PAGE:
# How to Ace the LSAT Logical Reasoning Section

The Logical Reasoning portion of the LSAT is comprised of two 35-minute sections (24-26 questions per section). Logical reasoning questions are designed to test your ability to examine, analyze and evaluate arguments. The arguments are drawn from many different sources and don’t require any knowledge of law, but they do test legal reasoning ability. Each question consists of a short passage followed by a multiple-choice question. Questions are presented in order of difficulty, from easiest to hardest. Your logical reasoning score accounts for roughly half of your total LSAT score.

## Logical Reasoning Question Types

Logical reasoning questions test your ability to recognize parts of arguments, find similarities in patterns of reasoning, draw well-supported conclusions, recognize flawed reasoning, and determine how additional information would strengthen or weaken an argument. There are roughly 12 question types in the logical reasoning section. They are: Flaws, Method of Argument, Main Conclusion, Necessary and Sufficient Assumptions, Role of Statement, Parallel, Inference, Strengthen, Point at Issue, Principle (Stimulus/Answer), Weaken, Paradox, and Evaluate the Argument.

Of those question types, the most common are Flaws, Necessary Assumptions, Inferences, and Strengthen/Weaken questions. Learning and understanding these types is key to getting a high score on this section.

For strengthen/weaken questions, you'll have to determine what type of reasoning the argument is using and pick the answer that either supports or hurts the argument. For draw a conclusion questions, you must choose the answer that is supported by the author’s premises. Inference questions are usually only concerned about one or two pieces of the information provided. Necessary assumption questions require you to choose an answer that states a premise the author assumes to be true but doesn't directly say. Usually, the correct answer to this question type links new information in the conclusion back to the stated premises.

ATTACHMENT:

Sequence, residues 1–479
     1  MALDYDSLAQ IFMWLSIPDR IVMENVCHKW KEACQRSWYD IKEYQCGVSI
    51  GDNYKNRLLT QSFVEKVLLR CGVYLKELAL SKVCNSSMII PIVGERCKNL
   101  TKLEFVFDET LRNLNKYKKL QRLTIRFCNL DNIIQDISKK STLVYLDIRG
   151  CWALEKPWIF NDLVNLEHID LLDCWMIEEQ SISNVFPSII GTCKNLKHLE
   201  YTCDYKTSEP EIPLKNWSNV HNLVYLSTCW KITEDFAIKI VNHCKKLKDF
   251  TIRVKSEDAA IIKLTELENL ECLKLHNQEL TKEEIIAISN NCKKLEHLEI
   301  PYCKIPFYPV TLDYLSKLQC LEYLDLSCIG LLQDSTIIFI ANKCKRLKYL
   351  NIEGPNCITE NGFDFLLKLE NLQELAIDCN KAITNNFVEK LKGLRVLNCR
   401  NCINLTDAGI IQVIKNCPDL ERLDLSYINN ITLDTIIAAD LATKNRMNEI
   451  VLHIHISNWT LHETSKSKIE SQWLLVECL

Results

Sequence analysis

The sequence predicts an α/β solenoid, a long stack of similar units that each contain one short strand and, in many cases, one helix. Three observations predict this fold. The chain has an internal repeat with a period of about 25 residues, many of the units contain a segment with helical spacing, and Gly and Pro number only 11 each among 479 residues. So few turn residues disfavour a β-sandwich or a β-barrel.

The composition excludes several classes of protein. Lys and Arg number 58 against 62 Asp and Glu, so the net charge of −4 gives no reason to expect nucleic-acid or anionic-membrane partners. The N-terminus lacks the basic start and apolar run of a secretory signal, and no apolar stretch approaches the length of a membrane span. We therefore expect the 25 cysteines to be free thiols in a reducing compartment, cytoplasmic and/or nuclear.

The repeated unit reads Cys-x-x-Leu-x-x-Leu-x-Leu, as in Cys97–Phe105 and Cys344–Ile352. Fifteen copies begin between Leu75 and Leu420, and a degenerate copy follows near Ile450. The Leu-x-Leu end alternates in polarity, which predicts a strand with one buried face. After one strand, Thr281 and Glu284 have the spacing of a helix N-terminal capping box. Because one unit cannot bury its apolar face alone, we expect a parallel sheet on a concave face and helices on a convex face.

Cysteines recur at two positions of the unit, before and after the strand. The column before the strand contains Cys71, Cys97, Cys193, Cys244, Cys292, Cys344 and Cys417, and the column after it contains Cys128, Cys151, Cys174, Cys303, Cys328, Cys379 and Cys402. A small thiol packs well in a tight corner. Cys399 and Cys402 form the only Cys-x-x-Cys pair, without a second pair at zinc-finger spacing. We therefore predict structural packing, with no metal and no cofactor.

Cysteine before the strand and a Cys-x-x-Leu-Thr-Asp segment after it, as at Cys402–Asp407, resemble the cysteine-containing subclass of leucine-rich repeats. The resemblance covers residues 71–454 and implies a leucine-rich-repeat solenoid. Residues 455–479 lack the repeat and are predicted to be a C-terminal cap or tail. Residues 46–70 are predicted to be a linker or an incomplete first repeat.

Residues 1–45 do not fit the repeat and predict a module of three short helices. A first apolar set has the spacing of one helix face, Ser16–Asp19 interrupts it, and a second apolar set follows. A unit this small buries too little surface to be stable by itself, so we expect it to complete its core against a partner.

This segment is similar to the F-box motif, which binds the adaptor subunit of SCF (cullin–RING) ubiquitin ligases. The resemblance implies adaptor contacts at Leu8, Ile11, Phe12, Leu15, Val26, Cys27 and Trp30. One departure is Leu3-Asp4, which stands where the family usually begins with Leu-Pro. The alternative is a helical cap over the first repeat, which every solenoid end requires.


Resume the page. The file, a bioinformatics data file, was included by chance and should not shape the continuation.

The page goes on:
## Strategies for a High Score

### Understand the Argument

The most important part of the logical reasoning section is the argument passage (or "stimulus"). You must read and fully understand the argument before looking at the answers choices. Remember, 80% of the answer choices are wrong and 100% of them are meant to confuse you in some way, so going straight to the answers will cause you to lose time. As you read the argument passage, focus on identifying the argument's reasoning and conclusion. If you do so, you're more likely to get to a correct answer, and you'll save a lot of time along the way.

Prephrasing means predicting the answer. Almost all of the answers in the logical reasoning section can be predicted. Prephrasing saves time and helps you get the correct answer. If your prephrased answer doesn’t match any of the choices then you may not have understood the argument correctly. To accurately prephrase, you should first identify the conclusion and reasoning, read the argument again, and then think about why the argument could be wrong. Of course prephrasing isn’t always going to work for you. There are multiple flaws in arguments and different ways to describe them, so if your prephrased answer isn’t helping you in a particular instance, then just consider the answer choices based on what you know from the argument.

### Skip Questions and Come Back

Because the section is timed, you don’t want to waste valuable time getting stuck on one question. It’s better to skip it and then come back at the end. If you spend too much time trying to figure out one question, you’ll end up taking time away from the rest of the test. Focusing on one question can also get your brain stuck on a wrong view of the argument, in which case you’ll never get the right answer. By moving on, you let your brain reset so it can thinkabout in a new way when you return to it. If you skip the question, there’s a chance you won’t be able to come back to it but you’ll only be sacrificing one point rather than the number of points you could miss from other easier questions.